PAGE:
The concept of “plausibility” is inherently intersubjective: a statement is plausible when it makes sense to a specific audience. Critics may wonder, then, whether it is useful or even possible to check or contest the plausibility of claims from a standpoint that is external to this intended audience. If the audience is decisive, doesn’t this imply that the validity of judgments on plausibility is context dependent? A lay audience may judge claims as plausible that seem utterly implausible to a group of scientific experts, and even different groups of experts may have very different views on what is plausible. So how can we (and other ethicists) criticize technological expectations for being too futuristic and moral expectations for being too conservative? To clarify our position it is useful to refer once more to the tradition of rhetoric.

The definition of “plausible” referred to in “The Rhetoric Character of Expectations” (in this article) includes two aspects: approbation and appearance. An audience’s approbation of a claim will usually depend on an audience’s perception that the claim appears to be right. Well-known and familiar statements will receive approbation more easily than new and unexpected ones. Statements clearly linked to an audience’s sphere of understanding are more likely to trigger suspension of disbelief. This seems true both for lay audiences and for scientific and technological experts. Then it is safe to claim that statements on what emerging technologies will bring about will usually be judged against a background of existing views on technology, society and morality.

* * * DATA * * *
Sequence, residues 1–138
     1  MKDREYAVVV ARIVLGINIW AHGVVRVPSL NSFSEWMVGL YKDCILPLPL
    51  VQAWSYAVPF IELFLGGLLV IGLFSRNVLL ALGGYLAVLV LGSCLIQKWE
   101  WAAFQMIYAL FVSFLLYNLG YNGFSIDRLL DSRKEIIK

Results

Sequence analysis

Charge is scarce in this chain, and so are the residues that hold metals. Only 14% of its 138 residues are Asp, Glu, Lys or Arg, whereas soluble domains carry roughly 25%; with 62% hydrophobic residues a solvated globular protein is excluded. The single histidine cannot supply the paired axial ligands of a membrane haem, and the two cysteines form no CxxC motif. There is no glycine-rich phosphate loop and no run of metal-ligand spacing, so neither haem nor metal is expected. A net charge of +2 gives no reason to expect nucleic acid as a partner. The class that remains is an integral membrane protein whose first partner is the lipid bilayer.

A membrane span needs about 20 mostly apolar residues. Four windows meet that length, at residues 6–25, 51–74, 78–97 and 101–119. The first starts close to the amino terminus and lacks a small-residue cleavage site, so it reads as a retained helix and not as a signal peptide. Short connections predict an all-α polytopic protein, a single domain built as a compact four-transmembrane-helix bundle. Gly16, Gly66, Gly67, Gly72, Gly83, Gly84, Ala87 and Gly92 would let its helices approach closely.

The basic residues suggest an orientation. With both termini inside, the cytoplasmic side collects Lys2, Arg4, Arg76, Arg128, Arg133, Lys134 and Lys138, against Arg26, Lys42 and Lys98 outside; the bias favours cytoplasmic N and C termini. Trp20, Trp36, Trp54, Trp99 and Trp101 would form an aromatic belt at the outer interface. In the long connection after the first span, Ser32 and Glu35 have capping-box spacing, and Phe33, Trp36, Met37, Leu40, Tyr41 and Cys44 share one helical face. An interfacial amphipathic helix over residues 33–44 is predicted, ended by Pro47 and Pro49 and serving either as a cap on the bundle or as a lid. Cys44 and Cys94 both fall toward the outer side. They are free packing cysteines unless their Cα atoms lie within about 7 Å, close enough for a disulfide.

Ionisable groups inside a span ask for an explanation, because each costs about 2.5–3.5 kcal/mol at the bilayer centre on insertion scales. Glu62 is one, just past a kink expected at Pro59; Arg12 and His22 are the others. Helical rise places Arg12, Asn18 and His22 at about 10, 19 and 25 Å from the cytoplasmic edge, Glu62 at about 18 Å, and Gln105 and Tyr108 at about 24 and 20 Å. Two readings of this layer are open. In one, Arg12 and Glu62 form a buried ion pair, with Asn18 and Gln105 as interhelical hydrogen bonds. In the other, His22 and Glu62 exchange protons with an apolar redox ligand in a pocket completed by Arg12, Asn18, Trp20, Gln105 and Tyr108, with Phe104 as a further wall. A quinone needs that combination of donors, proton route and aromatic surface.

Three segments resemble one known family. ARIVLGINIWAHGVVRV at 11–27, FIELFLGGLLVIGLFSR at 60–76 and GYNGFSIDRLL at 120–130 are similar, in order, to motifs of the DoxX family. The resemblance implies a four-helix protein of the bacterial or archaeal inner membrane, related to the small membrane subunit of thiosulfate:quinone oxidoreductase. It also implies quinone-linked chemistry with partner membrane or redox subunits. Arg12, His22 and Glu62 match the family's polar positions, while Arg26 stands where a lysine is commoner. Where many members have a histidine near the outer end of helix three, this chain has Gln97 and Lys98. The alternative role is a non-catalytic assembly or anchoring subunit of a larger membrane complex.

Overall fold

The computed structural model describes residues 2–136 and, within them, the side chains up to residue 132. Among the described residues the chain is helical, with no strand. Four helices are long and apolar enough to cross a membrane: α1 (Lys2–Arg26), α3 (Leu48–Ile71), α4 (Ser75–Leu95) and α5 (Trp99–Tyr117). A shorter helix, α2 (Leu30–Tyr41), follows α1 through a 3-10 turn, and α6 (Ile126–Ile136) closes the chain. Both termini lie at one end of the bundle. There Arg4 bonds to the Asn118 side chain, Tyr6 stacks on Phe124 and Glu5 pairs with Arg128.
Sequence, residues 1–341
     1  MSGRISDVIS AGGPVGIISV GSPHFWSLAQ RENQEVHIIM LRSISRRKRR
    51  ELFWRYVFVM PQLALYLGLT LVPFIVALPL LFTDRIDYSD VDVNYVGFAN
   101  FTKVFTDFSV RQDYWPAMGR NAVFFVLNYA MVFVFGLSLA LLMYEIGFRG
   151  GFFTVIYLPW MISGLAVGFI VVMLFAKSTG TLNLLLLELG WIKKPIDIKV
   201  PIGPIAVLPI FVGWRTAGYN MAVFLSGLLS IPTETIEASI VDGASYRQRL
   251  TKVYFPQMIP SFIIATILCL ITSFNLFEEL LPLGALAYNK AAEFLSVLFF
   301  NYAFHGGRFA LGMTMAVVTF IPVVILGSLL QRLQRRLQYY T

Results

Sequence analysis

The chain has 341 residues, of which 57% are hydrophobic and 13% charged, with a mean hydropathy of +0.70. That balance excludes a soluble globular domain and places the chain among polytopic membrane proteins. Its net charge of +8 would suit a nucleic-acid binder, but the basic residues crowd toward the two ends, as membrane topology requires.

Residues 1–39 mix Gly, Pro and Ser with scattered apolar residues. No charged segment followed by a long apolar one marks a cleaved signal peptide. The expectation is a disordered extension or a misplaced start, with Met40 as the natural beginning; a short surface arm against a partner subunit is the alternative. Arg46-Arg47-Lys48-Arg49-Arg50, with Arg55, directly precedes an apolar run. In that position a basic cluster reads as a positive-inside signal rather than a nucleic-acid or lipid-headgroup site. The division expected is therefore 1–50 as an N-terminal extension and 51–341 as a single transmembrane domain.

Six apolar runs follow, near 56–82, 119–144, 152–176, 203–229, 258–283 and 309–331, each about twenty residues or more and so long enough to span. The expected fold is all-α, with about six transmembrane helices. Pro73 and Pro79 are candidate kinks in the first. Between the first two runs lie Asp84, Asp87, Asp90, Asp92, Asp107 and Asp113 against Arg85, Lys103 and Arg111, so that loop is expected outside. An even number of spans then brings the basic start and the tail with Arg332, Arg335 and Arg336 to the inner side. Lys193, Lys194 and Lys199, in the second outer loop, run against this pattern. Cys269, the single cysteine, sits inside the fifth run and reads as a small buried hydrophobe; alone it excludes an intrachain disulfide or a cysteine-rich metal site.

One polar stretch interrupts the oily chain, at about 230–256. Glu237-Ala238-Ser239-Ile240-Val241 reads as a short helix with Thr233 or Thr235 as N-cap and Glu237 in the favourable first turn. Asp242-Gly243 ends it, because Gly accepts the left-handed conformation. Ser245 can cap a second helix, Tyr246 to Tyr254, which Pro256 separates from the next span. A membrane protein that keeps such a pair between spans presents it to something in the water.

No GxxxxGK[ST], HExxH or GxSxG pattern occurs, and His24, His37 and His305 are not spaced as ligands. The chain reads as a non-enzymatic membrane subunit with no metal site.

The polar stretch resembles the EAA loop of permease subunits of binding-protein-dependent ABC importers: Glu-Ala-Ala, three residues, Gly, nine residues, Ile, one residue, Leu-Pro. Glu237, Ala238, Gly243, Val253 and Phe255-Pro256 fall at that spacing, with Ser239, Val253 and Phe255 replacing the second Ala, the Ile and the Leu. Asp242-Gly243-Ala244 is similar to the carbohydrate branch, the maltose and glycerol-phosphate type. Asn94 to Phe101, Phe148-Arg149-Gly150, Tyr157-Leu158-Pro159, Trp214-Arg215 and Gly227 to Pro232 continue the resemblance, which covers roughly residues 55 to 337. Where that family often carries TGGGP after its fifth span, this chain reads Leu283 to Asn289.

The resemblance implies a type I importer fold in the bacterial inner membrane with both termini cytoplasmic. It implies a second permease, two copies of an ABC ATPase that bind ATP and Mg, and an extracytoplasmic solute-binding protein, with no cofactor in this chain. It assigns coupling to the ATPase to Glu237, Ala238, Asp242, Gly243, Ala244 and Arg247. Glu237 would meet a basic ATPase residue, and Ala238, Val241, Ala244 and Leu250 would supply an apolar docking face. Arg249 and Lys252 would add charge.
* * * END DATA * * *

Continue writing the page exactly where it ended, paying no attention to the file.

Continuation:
This situatedness of judgments on the plausibility of expectations, however, does not mean that we have to accept all judgments at face value. On the contrary, by becoming aware of the contextual aspects and by comparing divergent views, we can also point out (some of) the assumptions that characterize an audience’s epistemic and moral background and analyze them critically. In this way, we can become more aware of the limitations of some visions. A lay audience may not be in a good position to judge claims of technological feasibility. An engineer, on the other hand, may hardly have the background knowledge to judge claims on behalf of societal plausibility. And both may lack the knowledge to assess claims on behalf of the potential interaction between technology and morality. However, all these perspectives are needed to improve the epistemological conditions for a normative reflection on the desirability of on emerging technologies.

In order to avoid ‘mere speculations’ in the normative debate on emerging technologies, the context in which expectations are assessed should be broadened in two respects. The first is what we might call a horizontal broadening: by including different sources of information as well as different stakeholders, both the number of people and the background knowledge against which to judge certain claims may be extended. This type of broadening is also aimed for in “participatory” or “constructive” technology assessment and ethicists can learn a lot from these endeavors [23]. The second could be called a vertical broadening: by feeding the discussions and assessments with historical knowledge, the plausibility of claims on behalf of emerging technologies can be grounded in experience, at least to some extent. This historical knowledge may relate to past cases of emerging technologies, evolutions of social practices, cases of users’ “unexpected” behaviors, patterns of ethical controversies and techno-moral change.